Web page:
What We Do, Step One: Did the Insurer Determine the Payroll Correctly? As stated, we know payroll and employee determination issues, so we analyze the relevant facts surrounding your payroll, state statutes, and State Rating Bureau definitions. Is there a payroll issue? Is there an employee issue? Have all of the appropriate exclusions to compensation been removed from the payroll? Is your insurance company relying on up-to-date definitions appropriate for your jurisdiction? Are there issues with last year’s payroll determination? The year before? These are not simple tasks because many of decisions are made with regard to interpreting the rules on payroll determination, and the difference in a word or two can be the difference in a huge amount of premium. So the first key application of our expertise as to your circumstance is whether in fact the insurer has properly included or excluded all relevant information against the Basic Manual or whether the decisions are erroneous, resulting in unwarranted premium.
What We Do, Step Two: Challenge the Insurer. If you are the employer and we conclude the insurer has wrongly calculated the payroll, we will take the matter directly to the insurer and insist that they properly calculate the payroll and reduce the premium. We know insurance companies and are confident in working with them. We are both former insurance company executives. If you are the insurer, we will prepare a strong defense to the employer’s challenge of our payroll decision.
What We Do, Step Three: Appeal to NCCI or the State Rating Bureau. In the event the insurance company does not agree with the right payroll, NCCI and the State Rating Bureaus have an appeal process in place where an employer can appeal an insurer’s premium determination directly to NCCI or the State Rating Bureau. We know NCCI and the State Rating Bureaus. We are confident in our abilities to put forth a powerful case for the payroll determination. If NCCI (or the State Rating Bureau) rules in favor of the policyholder, the insurance company must correct the payroll and the resulting premium calculation.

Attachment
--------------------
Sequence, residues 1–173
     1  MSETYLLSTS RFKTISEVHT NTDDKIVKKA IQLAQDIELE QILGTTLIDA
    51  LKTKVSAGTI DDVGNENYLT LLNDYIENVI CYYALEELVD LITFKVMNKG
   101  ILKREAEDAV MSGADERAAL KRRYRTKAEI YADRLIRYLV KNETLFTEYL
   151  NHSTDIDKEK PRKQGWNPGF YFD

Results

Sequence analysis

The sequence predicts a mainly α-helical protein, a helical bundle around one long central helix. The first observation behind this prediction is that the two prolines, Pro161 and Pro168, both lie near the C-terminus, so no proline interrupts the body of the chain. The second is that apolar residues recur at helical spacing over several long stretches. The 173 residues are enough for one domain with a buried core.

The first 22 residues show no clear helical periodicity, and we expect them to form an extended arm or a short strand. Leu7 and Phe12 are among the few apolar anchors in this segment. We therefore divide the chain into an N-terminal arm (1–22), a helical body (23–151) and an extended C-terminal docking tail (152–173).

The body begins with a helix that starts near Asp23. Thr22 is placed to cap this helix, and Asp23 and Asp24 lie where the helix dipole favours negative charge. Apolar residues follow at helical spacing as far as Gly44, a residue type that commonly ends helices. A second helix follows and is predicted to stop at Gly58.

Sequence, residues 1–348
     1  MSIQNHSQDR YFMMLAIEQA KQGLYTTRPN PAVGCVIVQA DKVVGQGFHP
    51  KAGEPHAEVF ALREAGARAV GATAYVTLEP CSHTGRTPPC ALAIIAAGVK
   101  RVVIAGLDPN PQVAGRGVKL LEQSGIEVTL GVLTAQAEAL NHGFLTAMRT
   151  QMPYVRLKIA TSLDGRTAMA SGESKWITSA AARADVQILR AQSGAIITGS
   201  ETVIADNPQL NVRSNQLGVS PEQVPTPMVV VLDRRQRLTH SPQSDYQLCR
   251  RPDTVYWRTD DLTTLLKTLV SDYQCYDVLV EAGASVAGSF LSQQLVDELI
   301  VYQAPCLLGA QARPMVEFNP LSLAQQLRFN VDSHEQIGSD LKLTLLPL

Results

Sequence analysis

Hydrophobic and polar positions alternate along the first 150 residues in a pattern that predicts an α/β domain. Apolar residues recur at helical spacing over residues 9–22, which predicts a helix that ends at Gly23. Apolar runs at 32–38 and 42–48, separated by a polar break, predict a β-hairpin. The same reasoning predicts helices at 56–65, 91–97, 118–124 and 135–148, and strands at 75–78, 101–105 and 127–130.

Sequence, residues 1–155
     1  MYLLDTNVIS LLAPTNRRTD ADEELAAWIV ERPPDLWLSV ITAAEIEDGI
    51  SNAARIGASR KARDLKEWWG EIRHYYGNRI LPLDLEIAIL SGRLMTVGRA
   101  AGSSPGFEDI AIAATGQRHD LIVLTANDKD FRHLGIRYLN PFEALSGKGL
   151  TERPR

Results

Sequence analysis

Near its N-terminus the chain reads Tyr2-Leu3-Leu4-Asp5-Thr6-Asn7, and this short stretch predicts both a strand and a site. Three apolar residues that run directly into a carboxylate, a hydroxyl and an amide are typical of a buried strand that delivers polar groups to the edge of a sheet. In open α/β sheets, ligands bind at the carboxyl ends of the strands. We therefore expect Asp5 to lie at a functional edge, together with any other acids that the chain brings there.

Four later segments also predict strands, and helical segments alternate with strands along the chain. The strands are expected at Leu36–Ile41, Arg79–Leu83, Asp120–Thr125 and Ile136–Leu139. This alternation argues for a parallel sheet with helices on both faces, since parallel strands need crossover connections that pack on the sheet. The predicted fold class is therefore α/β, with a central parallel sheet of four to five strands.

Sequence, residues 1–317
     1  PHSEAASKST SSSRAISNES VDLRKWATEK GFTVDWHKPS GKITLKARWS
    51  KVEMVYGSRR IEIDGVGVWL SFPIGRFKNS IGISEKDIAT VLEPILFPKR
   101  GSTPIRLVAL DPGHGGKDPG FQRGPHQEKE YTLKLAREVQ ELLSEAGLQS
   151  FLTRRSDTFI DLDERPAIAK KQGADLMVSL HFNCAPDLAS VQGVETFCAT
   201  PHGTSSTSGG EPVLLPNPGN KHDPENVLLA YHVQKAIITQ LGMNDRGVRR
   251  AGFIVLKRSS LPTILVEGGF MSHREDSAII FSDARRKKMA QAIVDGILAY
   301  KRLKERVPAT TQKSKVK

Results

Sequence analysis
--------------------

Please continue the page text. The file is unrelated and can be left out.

What We Do, Step Four: Appeal to Your State Department of Insurance. Additionally, a number of State Departments of Insurance have an appeal process as well. That is to say, absent policyholder success before NCCI or the State Rating Bureau, a second appeal is available to the State Department of Insurance. As above, we are likewise confident in our abilities to work with all state Departments of Insurance. We are former state insurance regulators and understand the process. Again, if the State Department of Insurance rules in favor of the policyholder, the insurance company must correct the premium calculation – in the favor of the policyholder.
What We Do: Step Five: Advocate Your Case. Your insurance policy is a contract between you and your insurance company. If your insurance company is not charging a premium or e-mod allowed by the policy, the supporting rating manuals, and the filed rating factors, we will advocate on your behalf and take the matter to the next higher authority. We will directly apply our high level firepower to the case.
Ready to Work for You Now. This team is prepared now – as in today – to begin working with you. Please contact Bill Hager at 561-306-5072 or firstname.lastname@example.org for more information. To determine whether you are paying too much premium because of erroneous payroll calculations, too much because of erroneous employee inclusion: in short too much premium.